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Published by: PANDASKOALA on Apr 15, 2009
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The experimental work of Bennett et al. (1993) followed by the theoretical and experimental work of
others (Vaidman, 1994; Kwiat et al., 1995; Braunstein, 1996; Braunstein and Kimble, 1998; Pan et al.,
1998; Stenholm and Bardroff, 1998; Zubairy, 1998; Vaidman and Yoran, 1999; Kwiat et al., 1999) made
the breakthrough that was necessary to demonstrate the principle of quantum teleportation in practice. It
was a remarkable technical breakthrough that settled, once and for all, the nagging question of whether
quantum entanglement could be used to implement a teleportation process to transfer information
between remotely distant quantum systems non-causally (i.e., at FTL speed). It is easy to describe how
quantum teleportation works in greater detail. Figure 6 compares conventional facsimile transmission
with the quantum teleportation process seen in Figure 7. In a conventional facsimile transmission the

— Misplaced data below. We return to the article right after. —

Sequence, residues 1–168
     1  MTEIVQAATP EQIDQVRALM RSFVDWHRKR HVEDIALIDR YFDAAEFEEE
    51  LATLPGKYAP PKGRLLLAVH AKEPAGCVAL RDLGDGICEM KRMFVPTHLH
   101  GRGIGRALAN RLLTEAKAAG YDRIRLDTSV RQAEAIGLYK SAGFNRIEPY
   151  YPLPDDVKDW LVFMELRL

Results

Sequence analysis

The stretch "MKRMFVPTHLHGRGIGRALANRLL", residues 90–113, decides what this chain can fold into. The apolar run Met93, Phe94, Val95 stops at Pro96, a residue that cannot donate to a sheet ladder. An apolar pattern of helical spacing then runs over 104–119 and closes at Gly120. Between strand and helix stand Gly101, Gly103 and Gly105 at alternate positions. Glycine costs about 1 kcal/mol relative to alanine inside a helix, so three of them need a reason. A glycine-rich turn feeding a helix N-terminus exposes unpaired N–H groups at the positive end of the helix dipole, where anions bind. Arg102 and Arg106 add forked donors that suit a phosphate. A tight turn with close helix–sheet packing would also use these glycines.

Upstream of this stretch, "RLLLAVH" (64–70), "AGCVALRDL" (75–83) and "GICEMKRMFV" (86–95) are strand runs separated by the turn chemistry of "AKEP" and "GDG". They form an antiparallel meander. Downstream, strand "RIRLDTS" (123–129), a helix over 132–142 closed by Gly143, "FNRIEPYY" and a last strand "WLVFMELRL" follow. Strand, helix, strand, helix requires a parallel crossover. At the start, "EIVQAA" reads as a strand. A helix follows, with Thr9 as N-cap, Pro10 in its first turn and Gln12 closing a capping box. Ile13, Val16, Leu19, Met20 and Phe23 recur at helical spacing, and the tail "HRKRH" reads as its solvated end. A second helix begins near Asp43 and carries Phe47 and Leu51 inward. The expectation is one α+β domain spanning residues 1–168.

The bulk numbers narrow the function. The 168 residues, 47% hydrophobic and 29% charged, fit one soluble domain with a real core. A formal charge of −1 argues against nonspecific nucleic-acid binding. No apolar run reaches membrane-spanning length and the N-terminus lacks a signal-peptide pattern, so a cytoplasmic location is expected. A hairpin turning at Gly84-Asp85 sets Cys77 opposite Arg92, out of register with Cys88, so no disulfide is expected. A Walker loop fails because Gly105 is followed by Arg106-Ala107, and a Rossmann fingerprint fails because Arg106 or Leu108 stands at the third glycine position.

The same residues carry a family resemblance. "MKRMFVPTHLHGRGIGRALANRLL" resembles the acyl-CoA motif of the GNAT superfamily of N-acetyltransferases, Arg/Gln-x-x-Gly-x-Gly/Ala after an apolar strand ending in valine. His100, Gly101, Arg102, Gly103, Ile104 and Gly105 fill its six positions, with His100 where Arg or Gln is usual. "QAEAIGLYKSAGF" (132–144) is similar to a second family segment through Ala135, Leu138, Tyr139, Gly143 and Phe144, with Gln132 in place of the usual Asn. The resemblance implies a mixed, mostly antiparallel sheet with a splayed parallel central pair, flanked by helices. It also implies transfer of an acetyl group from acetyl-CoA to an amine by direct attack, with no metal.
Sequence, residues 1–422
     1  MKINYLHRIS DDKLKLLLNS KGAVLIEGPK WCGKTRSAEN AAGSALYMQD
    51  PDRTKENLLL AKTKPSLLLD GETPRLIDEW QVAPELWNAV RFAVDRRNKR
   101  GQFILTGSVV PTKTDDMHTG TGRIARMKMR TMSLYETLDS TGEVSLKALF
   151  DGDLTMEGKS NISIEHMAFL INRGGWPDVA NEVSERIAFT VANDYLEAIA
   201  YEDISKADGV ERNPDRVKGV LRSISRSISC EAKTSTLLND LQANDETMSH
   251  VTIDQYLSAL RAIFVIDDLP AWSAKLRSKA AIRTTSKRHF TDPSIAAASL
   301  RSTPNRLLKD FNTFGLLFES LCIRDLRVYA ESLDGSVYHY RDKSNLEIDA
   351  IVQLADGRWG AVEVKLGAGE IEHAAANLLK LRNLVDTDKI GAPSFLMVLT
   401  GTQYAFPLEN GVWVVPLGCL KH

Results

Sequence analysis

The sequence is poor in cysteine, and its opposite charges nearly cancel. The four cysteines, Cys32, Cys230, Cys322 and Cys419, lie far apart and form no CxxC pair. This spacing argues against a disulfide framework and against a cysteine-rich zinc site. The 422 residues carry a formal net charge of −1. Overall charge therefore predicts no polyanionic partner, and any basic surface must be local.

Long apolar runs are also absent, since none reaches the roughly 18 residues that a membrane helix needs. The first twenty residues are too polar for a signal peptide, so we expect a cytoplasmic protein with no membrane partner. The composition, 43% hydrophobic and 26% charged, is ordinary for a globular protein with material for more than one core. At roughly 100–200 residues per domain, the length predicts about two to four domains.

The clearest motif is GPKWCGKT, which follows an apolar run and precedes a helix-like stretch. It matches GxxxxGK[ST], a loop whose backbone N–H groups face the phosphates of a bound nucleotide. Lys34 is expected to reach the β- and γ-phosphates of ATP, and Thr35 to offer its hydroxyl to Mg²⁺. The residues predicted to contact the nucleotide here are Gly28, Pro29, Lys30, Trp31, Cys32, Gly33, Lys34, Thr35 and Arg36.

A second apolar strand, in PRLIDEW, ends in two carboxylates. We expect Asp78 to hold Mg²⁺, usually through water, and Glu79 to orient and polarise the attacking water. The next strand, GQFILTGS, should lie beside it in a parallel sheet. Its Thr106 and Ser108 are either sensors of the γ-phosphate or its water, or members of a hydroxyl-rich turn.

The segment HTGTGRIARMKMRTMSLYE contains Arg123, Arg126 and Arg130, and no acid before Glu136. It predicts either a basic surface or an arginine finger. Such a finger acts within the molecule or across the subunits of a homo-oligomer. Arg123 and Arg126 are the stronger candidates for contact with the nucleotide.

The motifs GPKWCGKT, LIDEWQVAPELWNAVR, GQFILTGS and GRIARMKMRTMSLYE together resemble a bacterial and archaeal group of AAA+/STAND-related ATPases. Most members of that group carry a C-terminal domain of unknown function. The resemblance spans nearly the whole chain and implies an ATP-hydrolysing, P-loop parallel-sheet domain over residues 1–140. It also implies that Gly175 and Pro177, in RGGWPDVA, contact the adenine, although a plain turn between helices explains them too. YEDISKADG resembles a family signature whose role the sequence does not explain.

original document is scanned, extracting partial information about it, but it remains more or less intact
after the scanning process. The scanned information is then sent to the receiving station, where it is
imprinted on new paper to produce an approximate copy of the original. In quantum teleportation (Figure
7) one scans out part of the information from object A (the original), which one wants to teleport, while
causing the remaining, unscanned, part of the information in A to pass, via EPR entanglement, into
another object C which has never been in contact with A. Two objects B and C are prepared and brought
into contact (i.e., entangled), and then separated. Object B is taken to the sending station, while object C
is taken to the receiving station. At the sending station object B is scanned together with the original
object A, yielding some information and totally disrupting the states of A and B. This scanned
information is sent to the receiving station, where it is used to select one of several treatments to be
applied to object C, thereby putting C into an exact replica of the former state of A. Object A itself is no
longer in its original initial state, having been completely disrupted by the scanning process. The process
just described is teleportation and not replication, and one should not confuse the two. There is a subtle,
unscannable kind of information that, unlike ordinary information or material, can be delivered via EPR
correlations/entanglement, such that it cannot by itself deliver a meaningful and controllable message.
But quantum teleportation delivers exactly that part of the information in an object that is too delicate to
be scanned out and delivered by conventional methods.

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